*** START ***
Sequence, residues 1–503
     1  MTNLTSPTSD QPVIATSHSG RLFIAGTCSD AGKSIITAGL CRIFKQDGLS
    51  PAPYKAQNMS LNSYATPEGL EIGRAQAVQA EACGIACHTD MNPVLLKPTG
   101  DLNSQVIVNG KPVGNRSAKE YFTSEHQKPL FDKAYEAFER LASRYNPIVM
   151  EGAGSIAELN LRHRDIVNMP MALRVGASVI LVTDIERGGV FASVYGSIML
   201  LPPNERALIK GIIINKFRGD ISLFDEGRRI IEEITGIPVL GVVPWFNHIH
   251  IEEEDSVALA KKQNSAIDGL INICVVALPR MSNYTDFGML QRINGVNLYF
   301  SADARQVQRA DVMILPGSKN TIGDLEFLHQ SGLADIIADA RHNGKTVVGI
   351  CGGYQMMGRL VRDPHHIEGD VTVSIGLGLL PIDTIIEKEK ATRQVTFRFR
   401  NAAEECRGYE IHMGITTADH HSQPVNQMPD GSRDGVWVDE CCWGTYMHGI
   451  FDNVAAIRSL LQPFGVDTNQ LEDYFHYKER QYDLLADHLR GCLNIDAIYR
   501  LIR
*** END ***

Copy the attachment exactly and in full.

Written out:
Sequence, residues 1–503
     1  MTNLTSPTSD QPVIATSHSG RLFIAGTCSD AGKSIITAGL CRIFKQDGLS
    51  PAPYKAQNMS LNSYATPEGL EIGRAQAVQA EACGIACHTD MNPVLLKPTG
   101  DLNSQVIVNG KPVGNRSAKE YFTSEHQKPL FDKAYEAFER LASRYNPIVM
   151  EGAGSIAELN LRHRDIVNMP MALRVGASVI LVTDIERGGV FASVYGSIML
   201  LPPNERALIK GIIINKFRGD ISLFDEGRRI IEEITGIPVL GVVPWFNHIH
   251  IEEEDSVALA KKQNSAIDGL INICVVALPR MSNYTDFGML QRINGVNLYF
   301  SADARQVQRA DVMILPGSKN TIGDLEFLHQ SGLADIIADA RHNGKTVVGI
   351  CGGYQMMGRL VRDPHHIEGD VTVSIGLGLL PIDTIIEKEK ATRQVTFRFR
   401  NAAEECRGYE IHMGITTADH HSQPVNQMPD GSRDGVWVDE CCWGTYMHGI
   451  FDNVAAIRSL LQPFGVDTNQ LEDYFHYKER QYDLLADHLR GCLNIDAIYR
   501  LIR